Subject: Re: more Multia repair part numbers and comments
To: Ross Harvey <>
From: John Hayward <>
List: port-alpha
Date: 01/05/2001 17:58:45
Dear Alpha People,

Some time ago (ie 2-3 years) I had a Multia which was up running NetBSD.
Since then I needed the monitor for another machine and stopped using it.
I'm now in a situation where I can use this alpha (primarily as a router
running NAT for my DSL connection).

When I turned it on the monitor would not sync (it was a different monitor
than had run most reciently).  I then connected a monitor had been
connected previously.

I recall seeing a message something like "waiting to boot".

After cycling power and trying several more times the monitor shows only a
block cursor.  All three lights on the keyboard are on.

As I recall when it booted it went thru a cycle testing the video board
then presented some kind of boot menu.

Any suggestions on how to bring life back to this Multia?


 On Tue, 28 Apr 1998, Ross Harvey wrote:

> Date: Tue, 28 Apr 1998 02:35:15 -0700 (PDT)
> From: Ross Harvey <>
> To: port-alpha@NetBSD.ORG
> Subject: more Multia repair part numbers and comments
> OK, so I borrowed a supposedly dead Multia. Murphy's law is in fine form,
> though...when you _want_ a dead one, _specify_ a dead one, really can only
> _use_ a dead one (for the purpose of doing a friend a favor and testing the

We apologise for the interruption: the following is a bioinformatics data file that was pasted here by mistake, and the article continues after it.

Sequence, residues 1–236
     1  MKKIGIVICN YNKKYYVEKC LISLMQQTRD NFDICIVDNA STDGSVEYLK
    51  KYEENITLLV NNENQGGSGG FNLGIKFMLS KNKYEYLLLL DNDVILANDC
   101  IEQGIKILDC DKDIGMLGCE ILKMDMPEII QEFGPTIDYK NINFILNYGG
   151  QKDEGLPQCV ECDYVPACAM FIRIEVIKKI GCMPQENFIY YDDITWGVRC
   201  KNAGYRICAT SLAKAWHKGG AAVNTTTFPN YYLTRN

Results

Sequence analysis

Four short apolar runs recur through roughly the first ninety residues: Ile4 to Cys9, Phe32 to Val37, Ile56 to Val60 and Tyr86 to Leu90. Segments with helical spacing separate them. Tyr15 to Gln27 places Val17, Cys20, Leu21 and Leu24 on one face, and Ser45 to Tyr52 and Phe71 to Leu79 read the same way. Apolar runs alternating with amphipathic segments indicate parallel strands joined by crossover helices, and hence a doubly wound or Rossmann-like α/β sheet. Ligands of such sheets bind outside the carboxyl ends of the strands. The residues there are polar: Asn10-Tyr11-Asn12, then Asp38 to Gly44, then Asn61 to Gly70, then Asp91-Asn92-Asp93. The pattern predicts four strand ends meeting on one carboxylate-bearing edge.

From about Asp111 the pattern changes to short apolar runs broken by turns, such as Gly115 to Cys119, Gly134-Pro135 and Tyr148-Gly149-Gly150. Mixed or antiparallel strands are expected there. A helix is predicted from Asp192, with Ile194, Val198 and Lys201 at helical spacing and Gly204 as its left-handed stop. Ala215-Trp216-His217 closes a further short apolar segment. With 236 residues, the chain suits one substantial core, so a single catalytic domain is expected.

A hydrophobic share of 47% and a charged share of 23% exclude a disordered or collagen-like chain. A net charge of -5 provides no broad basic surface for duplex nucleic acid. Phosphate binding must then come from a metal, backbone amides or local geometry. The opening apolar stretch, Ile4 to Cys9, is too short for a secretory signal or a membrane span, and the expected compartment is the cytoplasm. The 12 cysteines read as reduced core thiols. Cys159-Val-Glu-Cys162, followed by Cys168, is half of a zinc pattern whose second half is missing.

> big multia fix) ...then...of arrives and works just fine.
> Now that I've seen the parts, the bad news is that they aren't likely
> to be in any catalog...good thing for me no one took up my offer on that
> bet. AFAICT it is going to be necessary to order them through one of the
> manufacturer's franchised distributors, and they can be difficult when you
> don't already have an account. Sometimes you can order samples through
> a web page, and certainly you can locate the distributer that way.
> The generic thing you want is: (qty 6) a 20-lead .220 (i.e., medium
> body) soic 4.7K bussed (pullup) resistor network, with lead 20 as the
> common.  I think the Bournes parts are probably safe, I guess it was a
> bad batch, or possibly that thick-film part didn't like actually being
> _in_ the solderwave, which is what would have happened given that these
> components are on the bottom of the board.
> And, I can now see why the Jupiter guys replaced the logic IC: on Tim's
> Multia the printing on the chip is starting to bake into a brownish
> off-white right in the center, i.e., over the die. I think it needs to
> go too, although using thermally conductive epoxy you could conceivably
> heatsink it...not much room to work with though. The 5% is perfectly
> fine as a tolerance, but if it is out of stock and the 2% or 1% is in
> stock...
>         WhichOne        Mfr             Part Number
>         R-network       Bournes         4820P-002-472
>         R-network       Dale		SOMC2001472J (5%)
>         R-network       Dale		SOMC2001472G (2%)
>         R-network       Dale		SOMC2001472F (1%)
> 	...there are probably more...
> 	Logic-IC	TI		SN74ABT623DW
> 	Logic-IC	Philips		74ABT623D
> 	Logic-IC	Pericom		PI74FCT623TS
> 	Logic-IC	Pericom		PI74FCT623ATS
> 	Logic-IC	Pericom		PI74FCT623CTS
> 	Logic-IC	Pericom		PI74FCT623DTS
> 	Logic-IC	IDT		IDT74FCT623TSO
> 	Logic-IC	IDT		IDT74FCT623ATSO
> 	Logic-IC	IDT		IDT74FCT623CTSO
> 	...there probably are not any more...
> This is almost trivial with the right lab, but it definitely isn't the
> easiest home project. Besides the difficulty of obtaining the components,
> you have 140 leads to remove and resolder...and you don't want to lift
> or destroy a single pad while doing it. At least it is a lot easier
> than if they were those ugly old dips.
> Ross Harvey